partially handicapped, and a fighter all the way.By Ieth Tatoy Inolino
COSMOPOLITAN MAGAZINE, PHILIPPINES AUGUST 2006
Fun Fearless Female
The leg brace attached to her right ankle drags her feet as she walks. Clutched towards her body is her right arm, hardly swinging as she moves. The religious pendant she wears rests by the scar caused by the tube that went through her trachea. Even after countless physical, speech, and psychological therapy, Bettina shows neither a trace of remorse nor distress.
Seven years ago, Bettina A. del Rosario found herself pregnant. She was still in college and had just ended a three-year relationship with the man whom she thought of marrying.
Apart from stress and anxiety she was going through with her pregnancy and her relationship, there was also trouble at home. “So many things were happening at the same time, I didn’t know what to do,” Bettina admits. It came to a point where she felt like giving up and just leaving everything behind. “I tried to kill myself, hoping that it would make things easier,” she confesses.
Ticking Time Bomb
It was on her eighth month of pregnancy when Bettina experienced a terrible headache. She couldn’t remember anything after being brought to the hospital. “I passed out after giving birth,” she recalls. Little did she know that her seizure was caused by Arterio-Venous Malformation or AVM, a condition wherein the blood does not go to the tissues but is pumped through the shunt and back to the heart, leaving tissues without its needed nutrients.
Most patients do not know that they have AVM, and its cause is still unknown. People are born with AVMs although it does not appear to be hereditary. There are neither signs and symptoms nor are there preventive measures. Since Bettina was adopted, her parents had no knowledge of her medical history. She was in a coma for 10 days. The doctors gave her the same number of days to live. They took one cup of brain mass in the operation but she had a lot more.
Scars and Souvenirs
For three months, the hospital became Bettina’s second home. It was the paralysis of the right side of her body that led to a brain process malformation. She had to relearn everything from numbers to letters and how to write them was another lesson on its own. “I was right handed so I needed to learn how to write with my left,” says Bettina. Even her speech was affected. Whenever she tried to say something another word would come out.
For someone as outgoing and dependent as she was, the most challenging part was how to get back on her feet. “I had to relearn walking up and down the stairs and riding the escalator,” she reveals. She never gave up. Whenever she felt the gravity of a difficult situation, she would think of her son. “I can’t give up, no one will take care of my son,” Bettina feared.
Getting Her Life Back
She’s become a local celebrity at the hospital where she goes to therapy
twice a week. Bettina’s story of survival continues to inspire many patients. Her strength and perseverance encourages them to try harder. “I’m glad that I am able to help other people by sharing what I’ve been through,” she warmly says.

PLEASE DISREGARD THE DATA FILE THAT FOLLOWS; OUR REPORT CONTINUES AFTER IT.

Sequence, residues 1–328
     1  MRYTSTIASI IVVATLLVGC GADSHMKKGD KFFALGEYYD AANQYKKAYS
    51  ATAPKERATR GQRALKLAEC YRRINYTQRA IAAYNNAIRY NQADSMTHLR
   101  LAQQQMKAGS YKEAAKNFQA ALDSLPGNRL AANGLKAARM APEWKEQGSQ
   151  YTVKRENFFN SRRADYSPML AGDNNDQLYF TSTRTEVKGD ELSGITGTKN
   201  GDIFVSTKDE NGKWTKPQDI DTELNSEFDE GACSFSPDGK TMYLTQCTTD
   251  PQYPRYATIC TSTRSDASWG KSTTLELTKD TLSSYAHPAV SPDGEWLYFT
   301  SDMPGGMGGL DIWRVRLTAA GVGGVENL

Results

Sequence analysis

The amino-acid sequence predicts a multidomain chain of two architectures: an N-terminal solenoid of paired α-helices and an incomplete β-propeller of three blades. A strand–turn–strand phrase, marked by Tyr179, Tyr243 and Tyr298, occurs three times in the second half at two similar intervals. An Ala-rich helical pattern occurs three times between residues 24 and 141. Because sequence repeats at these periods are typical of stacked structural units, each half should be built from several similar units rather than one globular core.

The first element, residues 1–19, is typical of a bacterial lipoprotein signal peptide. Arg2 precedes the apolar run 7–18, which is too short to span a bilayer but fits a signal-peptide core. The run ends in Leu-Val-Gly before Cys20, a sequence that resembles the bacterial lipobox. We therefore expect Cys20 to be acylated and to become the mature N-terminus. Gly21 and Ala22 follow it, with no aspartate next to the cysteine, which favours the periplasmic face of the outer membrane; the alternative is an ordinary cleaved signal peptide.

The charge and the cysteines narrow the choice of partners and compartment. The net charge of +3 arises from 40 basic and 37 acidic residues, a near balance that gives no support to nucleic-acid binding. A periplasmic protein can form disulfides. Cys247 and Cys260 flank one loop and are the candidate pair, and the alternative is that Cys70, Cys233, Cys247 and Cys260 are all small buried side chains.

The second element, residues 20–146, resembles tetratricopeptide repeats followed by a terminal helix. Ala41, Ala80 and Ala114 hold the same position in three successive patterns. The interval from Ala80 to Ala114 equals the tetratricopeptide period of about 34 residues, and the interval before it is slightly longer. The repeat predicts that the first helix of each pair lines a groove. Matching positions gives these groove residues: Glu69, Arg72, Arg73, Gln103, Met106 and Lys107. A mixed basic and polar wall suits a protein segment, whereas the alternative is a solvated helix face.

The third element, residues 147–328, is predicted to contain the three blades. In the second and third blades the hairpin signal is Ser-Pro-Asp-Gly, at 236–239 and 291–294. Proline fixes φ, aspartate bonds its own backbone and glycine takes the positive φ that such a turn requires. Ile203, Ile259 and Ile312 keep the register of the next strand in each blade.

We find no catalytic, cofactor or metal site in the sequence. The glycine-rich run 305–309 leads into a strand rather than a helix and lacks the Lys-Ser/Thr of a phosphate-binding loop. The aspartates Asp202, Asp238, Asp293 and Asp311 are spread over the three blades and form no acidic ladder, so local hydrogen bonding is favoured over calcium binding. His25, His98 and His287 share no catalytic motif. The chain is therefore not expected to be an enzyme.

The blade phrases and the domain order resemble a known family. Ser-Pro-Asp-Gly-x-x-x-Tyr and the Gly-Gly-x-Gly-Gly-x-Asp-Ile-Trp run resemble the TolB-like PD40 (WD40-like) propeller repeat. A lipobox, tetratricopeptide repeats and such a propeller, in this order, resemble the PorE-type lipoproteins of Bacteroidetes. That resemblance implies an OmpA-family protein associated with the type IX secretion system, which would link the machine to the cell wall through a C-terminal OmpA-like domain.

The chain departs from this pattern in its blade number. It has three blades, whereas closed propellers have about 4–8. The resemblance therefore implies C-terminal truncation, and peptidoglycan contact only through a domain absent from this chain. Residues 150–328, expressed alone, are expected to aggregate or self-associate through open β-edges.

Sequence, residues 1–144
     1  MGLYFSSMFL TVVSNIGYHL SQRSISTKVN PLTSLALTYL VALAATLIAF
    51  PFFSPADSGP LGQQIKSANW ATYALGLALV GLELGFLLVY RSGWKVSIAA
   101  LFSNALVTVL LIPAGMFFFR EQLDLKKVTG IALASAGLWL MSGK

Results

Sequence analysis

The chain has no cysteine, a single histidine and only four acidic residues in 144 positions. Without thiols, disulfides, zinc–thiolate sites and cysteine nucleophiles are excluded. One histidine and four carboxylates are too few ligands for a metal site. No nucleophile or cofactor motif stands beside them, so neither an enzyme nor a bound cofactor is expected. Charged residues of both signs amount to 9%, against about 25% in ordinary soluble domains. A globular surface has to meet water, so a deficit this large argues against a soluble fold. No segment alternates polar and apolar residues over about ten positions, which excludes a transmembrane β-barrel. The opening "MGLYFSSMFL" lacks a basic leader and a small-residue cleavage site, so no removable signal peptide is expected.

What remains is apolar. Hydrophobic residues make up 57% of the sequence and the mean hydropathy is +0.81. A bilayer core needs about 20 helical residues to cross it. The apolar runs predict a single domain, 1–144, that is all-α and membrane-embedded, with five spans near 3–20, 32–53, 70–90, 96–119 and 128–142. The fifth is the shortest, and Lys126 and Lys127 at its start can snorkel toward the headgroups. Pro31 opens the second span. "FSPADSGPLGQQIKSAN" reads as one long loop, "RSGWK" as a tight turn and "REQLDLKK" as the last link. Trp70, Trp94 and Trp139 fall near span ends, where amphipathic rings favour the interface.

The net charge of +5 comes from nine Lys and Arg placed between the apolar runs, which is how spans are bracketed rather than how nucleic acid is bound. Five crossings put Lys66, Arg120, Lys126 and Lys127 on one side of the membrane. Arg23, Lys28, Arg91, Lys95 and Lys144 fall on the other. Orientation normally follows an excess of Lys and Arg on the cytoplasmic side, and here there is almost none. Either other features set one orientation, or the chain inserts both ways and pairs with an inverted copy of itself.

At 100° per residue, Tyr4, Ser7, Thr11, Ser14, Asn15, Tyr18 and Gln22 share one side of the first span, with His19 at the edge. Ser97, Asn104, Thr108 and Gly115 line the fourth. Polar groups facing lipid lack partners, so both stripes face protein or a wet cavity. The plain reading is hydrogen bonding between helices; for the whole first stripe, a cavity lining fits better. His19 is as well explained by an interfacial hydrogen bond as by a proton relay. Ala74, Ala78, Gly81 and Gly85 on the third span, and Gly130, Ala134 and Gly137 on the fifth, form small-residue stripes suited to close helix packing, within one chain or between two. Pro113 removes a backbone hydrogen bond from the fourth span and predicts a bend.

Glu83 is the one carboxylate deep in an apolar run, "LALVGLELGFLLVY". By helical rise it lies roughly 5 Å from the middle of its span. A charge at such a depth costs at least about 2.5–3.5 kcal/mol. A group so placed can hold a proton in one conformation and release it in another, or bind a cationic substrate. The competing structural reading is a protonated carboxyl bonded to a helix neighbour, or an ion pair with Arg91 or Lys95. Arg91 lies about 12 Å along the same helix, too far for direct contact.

Being an equestrian has helped her condition as well. Hippotherapy, a rehabilitation program through horsebackriding , allows Bettina to improve her condition while enjoying what she likes most. During her spare time, she volunteers for the Riding for the Disabled where she helps young children affected by autism and cerebral palsy. In 2004, Bettina received an invitation to compete in the Riding for the Disabled International Competition in Detroit, Michigan. With the support and pledges of friends and family, Bettina flew to the States, making her dream to compete abroad come true.
An Able Disabled
Bettina did everything at her own pace, in her own time. She tries to live her life as normally as she can. She takes care of her son, Luis, and gets him ready for school he also brings him to his soccer games.
Her son is her reason for living. “If not for him, I can’t imagine living at all,” says Bettina. They enjoy making pizzas and pasta dishes together and share them with their neighbors. Before bedtime, she and Luis tell each other stories about their day. Luis tells her of his classes and friends, she tells him how her therapy sessions went. “A lot of times I forget I’m disabled,” she laughs. “When I go down the stairs, Ill suddenly realize that I have a procedure to follow otherwise I’d fall”, she adds.
After the Storm
At 29, Bettina has fought for her life and has managed to survive. With all that she’s been through, she’s learned not to take things seriously. She now takes pleasure in the small things she ignored before. “Give me a pack of M&Ms and I’d be happy. It’ll make my day na”, she says.
Because of her love for cooking, Bettina plans to put up her own restaurant in the future. It will take some time but she is in no rush. “Nothing is certain. You can be the healthiest person and die the next day,” she says. Despite her positive outlook, there are still times when she feels low. Her survival secret: a stash or Hot Fudge Sundaes.
HOW TO DEAL – Bettina shares the sanity-saving strategies that helped her get through the worst:
Cut Your Losses: In her case, it was Luis’ father, whose lack of moral and child support left her constantly disappointed. “When I put my foot down and removed him from my life, I was able to breathe again”
Do Something You Love: “I started to ride (horses) and cook again,” she says, setting up a small food-order business business. ” I just became happier.”
Socialize: Dinners out, live band gigs, and videoke nights top Bettina’s list. She also started making mommy friends in the village. “It took six years to ‘mend’ my broken heart.”
Fall In Love Again: “Though short-lived, my time with one guy I was recently with cannot compare to all the years of serious relationships I’ve had.”